Mississippi does have a growing immigrant population, but a small population of illegal immigrants. Estimates put the number at about 45,000. Illegal immigration has not been a major issue for this state.
But, illegal immigration is a hot-button, popular political issue for some legislators, who have offered up copy-cat proposals from other states. Arizona and Alabama have passed the most punitive anti-immigration laws, which have been challenged in court and have brought economic boycotts and protests against the state. A University of Alabama study found that Alabama’s law could cost that state $2.3 billion annually and result in the loss of 70,000-140,000 jobs. Read more …
On March 9, 2012, Sarah Kate Kramer writes:
Immigrants in Alabama are pushing back against the controversial immigration law HB 56, and it’s working.
In the same week as thousands of Latinos are marching with African American leaders to commemorate the bloody civil rights march from Selma to Montgomery that took place 47 years ago, a federal appeals court temporarily blocked two more sections of HB 56 on Thursday.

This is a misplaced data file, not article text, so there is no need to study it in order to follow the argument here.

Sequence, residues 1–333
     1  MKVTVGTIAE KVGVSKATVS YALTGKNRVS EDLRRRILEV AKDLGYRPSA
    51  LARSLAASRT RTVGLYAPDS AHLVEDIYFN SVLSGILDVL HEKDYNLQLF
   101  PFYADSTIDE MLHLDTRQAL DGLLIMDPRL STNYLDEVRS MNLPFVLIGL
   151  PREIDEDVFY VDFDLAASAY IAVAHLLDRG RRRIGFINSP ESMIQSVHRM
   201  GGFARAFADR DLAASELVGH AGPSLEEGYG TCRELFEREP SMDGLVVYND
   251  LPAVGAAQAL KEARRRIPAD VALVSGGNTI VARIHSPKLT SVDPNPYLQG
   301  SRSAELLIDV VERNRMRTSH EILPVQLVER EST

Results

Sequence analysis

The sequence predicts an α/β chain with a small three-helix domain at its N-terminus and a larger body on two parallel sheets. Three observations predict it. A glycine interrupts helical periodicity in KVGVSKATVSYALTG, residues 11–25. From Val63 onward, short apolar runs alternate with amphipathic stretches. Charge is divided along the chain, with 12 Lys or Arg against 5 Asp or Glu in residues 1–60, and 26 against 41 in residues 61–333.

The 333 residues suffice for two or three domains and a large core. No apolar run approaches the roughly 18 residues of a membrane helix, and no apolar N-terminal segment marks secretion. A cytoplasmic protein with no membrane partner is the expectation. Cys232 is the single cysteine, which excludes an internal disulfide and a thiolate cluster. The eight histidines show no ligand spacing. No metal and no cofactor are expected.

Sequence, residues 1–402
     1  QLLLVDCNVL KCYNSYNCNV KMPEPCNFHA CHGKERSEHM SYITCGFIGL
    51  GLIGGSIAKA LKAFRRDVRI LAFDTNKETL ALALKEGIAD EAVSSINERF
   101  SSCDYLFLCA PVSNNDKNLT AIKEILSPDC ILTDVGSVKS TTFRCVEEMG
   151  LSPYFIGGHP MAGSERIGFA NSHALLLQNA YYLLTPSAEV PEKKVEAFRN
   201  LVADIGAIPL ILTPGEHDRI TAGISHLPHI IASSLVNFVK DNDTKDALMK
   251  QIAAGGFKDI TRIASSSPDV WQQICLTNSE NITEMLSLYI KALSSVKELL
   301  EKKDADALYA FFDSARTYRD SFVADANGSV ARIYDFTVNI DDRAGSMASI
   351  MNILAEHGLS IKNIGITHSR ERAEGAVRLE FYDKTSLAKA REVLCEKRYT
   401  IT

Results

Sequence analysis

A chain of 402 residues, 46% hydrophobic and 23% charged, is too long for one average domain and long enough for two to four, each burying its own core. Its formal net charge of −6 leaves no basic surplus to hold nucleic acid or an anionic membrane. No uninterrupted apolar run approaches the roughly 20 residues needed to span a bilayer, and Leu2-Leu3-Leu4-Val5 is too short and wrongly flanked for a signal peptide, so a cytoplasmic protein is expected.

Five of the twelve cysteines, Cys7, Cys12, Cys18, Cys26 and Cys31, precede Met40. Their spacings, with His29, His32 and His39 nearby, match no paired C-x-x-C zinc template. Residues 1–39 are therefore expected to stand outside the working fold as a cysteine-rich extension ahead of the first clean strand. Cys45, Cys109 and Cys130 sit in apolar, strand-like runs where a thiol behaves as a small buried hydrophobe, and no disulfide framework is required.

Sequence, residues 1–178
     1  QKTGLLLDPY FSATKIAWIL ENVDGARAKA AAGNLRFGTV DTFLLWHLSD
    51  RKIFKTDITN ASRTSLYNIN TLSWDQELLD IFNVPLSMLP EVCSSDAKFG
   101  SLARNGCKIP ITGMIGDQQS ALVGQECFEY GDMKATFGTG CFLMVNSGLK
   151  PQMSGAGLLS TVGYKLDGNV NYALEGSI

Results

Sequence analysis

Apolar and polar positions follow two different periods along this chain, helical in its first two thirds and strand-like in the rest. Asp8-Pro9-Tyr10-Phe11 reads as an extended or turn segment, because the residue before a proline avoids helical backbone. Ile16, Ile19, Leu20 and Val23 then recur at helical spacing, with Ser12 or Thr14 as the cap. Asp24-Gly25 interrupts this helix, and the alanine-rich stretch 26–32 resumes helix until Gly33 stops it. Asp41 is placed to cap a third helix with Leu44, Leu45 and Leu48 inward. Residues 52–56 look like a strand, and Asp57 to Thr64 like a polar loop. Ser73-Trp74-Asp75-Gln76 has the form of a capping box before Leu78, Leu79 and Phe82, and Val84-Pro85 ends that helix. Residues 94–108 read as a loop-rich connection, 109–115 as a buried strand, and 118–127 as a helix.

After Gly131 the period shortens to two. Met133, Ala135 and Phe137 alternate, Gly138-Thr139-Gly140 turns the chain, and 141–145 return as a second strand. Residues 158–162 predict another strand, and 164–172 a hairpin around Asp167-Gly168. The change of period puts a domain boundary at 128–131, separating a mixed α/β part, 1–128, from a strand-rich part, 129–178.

The 11th Circuit Court of Appeals enjoined Sections 27 and 30 of the state law until legal challenges brought by the federal government and a coalition of church and civil rights groups are resolved.
The state legislature passed HB 56, a law targeting undocumented immigrants in June 2011, and it immediately gained notoriety as the toughest immigration law in the country. In September, Federal Judge Sharon Lovelace Blackburn issued preliminary injunctions against a few provisions of the law, including one prohibiting undocumented immigrants from attending public universities, another that outlawed harboring or transporting undocumented immigrants and a third that outlawed stopping for day laborers if a motor vehicle blocked traffic. But Judge Blackburn left intact two of the most controversial elements of the law. Read more …
March 8, 2012:
ATLANTA – A federal appeals court on Thursday blocked two more sections of Alabama’s tough new law targeting illegal immigration pending the outcome of lawsuits that seek to overturn the law entirely.